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I have been given the differential equation

$$\frac{dy}{dx}(\tan x) + 2y = x(\operatorname{cosec} x)$$

When $y = 0$ when $x = \pi/2$

Can anyone help me out in this question as I have not done many others like this one?

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Hint: First take $\tan x$ common and then try Linear differential equation of first order

$$\frac{dy}{dx} +P(x)y = Q(x)$$

So here $P(x)=2\cot x$ and $Q(x)=x\dfrac{\cos x}{\sin^2x}$

now just use the standard solution of differential equation

$$ye^{\int P(x)\,dx} = \int Q(x) e^{\int P(x)\,dx} \, dx$$

So you get something like this: $e^{\int P(x)\,dx}=\sin^2x$

$$y\sin^2x = \int x\frac{\cos x}{\sin^2x} (\sin^2x)\,dx$$

$$y\sin^2x = \int x\cos x\,dx$$

Now use Integration by parts rule and then you just satisfy the condition when $y=0$ then $x=\pi /2$ Find the integration constant so you get your unique solution of differential equation..

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    $\begingroup$ Would Q(x) not equal x multiplied by cosx/sin^2x ? $\endgroup$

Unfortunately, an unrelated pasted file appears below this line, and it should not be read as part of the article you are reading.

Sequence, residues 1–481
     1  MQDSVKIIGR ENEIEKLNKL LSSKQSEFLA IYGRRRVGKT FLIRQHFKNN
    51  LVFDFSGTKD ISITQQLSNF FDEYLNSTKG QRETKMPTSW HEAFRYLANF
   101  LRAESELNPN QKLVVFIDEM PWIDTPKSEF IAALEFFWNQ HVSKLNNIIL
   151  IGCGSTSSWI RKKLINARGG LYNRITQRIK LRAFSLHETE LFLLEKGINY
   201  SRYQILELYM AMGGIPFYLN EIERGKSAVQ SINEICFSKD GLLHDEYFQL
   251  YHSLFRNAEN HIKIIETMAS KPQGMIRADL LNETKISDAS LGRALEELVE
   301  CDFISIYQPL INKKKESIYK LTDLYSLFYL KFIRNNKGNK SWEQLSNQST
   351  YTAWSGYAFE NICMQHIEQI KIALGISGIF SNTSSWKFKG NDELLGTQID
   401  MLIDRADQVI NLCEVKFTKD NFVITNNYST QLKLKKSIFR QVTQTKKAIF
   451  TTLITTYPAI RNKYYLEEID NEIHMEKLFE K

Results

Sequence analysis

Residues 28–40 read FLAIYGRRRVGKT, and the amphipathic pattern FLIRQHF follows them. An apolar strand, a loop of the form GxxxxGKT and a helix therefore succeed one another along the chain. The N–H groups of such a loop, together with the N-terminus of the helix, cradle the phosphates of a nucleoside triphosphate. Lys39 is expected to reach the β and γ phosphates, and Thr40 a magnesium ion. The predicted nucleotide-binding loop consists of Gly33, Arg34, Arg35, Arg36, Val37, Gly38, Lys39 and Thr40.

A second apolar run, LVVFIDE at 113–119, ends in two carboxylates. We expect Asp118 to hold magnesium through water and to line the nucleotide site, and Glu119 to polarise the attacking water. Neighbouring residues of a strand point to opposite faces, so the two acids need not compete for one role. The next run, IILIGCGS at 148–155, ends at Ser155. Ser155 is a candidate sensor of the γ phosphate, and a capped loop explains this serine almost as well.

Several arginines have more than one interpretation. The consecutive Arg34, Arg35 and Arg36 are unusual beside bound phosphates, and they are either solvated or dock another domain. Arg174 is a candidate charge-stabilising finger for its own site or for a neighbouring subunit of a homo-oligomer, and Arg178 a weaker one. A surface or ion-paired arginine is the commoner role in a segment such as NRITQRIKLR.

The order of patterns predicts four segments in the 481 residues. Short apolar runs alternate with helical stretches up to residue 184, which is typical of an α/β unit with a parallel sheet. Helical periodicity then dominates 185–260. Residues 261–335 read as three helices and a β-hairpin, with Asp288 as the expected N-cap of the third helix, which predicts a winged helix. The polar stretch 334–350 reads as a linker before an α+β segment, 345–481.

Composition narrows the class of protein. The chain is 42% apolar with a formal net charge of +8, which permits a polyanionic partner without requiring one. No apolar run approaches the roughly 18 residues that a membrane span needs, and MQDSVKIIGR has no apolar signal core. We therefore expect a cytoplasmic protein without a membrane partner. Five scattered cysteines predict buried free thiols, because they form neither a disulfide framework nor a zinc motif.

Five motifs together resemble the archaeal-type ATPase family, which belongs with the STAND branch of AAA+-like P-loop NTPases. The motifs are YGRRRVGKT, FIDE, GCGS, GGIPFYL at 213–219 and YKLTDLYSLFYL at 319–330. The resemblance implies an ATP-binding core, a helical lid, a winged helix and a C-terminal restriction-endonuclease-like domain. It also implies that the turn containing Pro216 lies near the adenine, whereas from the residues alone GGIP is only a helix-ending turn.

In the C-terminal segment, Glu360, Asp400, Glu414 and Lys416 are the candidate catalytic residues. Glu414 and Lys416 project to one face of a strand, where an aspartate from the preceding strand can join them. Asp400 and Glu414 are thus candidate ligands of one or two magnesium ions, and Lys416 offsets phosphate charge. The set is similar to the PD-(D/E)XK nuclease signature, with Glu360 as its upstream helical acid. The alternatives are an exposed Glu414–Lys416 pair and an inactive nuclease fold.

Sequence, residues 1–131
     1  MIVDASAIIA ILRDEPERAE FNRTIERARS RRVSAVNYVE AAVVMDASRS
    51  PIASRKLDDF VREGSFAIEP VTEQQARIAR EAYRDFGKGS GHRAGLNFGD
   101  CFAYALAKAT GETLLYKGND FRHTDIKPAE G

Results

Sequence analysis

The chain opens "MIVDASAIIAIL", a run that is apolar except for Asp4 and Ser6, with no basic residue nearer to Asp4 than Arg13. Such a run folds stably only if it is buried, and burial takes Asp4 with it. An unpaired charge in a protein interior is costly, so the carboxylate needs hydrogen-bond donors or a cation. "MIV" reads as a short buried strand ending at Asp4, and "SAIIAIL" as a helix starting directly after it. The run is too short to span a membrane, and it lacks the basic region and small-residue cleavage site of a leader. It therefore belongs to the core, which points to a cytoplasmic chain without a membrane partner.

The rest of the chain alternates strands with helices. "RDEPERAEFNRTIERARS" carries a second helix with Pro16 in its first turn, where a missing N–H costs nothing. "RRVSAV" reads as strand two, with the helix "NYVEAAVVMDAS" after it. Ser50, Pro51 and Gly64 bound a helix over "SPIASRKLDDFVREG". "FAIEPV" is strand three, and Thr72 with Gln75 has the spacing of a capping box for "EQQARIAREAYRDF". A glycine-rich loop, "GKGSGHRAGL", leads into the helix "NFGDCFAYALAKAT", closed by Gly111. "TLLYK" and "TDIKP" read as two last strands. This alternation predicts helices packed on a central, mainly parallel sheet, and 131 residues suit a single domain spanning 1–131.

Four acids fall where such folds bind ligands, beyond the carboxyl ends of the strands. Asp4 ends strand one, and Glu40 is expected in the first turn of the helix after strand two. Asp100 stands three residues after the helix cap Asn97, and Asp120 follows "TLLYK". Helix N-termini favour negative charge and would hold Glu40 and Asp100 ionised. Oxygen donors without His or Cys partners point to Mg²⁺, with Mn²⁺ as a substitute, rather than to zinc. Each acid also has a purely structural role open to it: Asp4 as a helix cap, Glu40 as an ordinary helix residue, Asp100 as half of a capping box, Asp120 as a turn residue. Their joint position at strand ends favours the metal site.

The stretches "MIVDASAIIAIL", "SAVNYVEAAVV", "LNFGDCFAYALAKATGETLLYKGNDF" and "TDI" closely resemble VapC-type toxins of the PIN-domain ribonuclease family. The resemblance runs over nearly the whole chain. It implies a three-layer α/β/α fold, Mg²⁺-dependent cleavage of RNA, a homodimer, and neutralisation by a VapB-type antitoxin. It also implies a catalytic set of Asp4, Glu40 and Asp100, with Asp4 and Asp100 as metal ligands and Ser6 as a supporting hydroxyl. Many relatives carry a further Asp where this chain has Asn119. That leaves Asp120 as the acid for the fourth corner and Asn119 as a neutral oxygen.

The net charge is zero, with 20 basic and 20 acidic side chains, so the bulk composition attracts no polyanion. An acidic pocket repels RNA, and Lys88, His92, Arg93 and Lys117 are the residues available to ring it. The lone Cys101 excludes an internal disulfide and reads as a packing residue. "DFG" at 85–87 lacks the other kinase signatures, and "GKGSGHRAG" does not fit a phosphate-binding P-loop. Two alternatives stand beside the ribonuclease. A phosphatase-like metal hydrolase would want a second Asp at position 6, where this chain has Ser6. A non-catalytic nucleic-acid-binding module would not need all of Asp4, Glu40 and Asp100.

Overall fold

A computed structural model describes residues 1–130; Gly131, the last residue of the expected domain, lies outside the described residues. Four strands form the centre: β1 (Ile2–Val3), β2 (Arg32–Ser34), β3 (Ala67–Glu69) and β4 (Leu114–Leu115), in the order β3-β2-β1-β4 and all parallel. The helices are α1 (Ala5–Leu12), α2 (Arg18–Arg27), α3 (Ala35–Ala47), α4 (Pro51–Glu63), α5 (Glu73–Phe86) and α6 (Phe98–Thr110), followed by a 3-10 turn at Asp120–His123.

– May
    May 2, 2016 at 14:32
  • $\begingroup$ yes you are correct. $\endgroup$ May 2, 2016 at 14:32
  • $\begingroup$ Thank you! Hopefully I can work this out from here! $\endgroup$
    – May
    May 2, 2016 at 14:34
  • $\begingroup$ Proper notation is $\tan x,\ \sin x,\ \cos x$, not $tanx,\ sinx,\ cosx$. If you write a\cos b you see $a\cos b$, but with a cos b you see $a cos b$. The backslash not only de-italicized $\cos$, but also results in proper spacing in things like $a\cos b$ and $a\cos (b)$ (where you'll notice less space to the right of $\cos$ in the second expression; thus spacing depends on context). Also, one conventionally puts a small space between $f(x)$ and $dx$, thus $f(x)\,dx$, coded as f(x)\,dx or f(x)~dx. And you shouldn't continually alternate in and out of MathJax the say you did here. $\endgroup$ Dec 3, 2016 at 17:53

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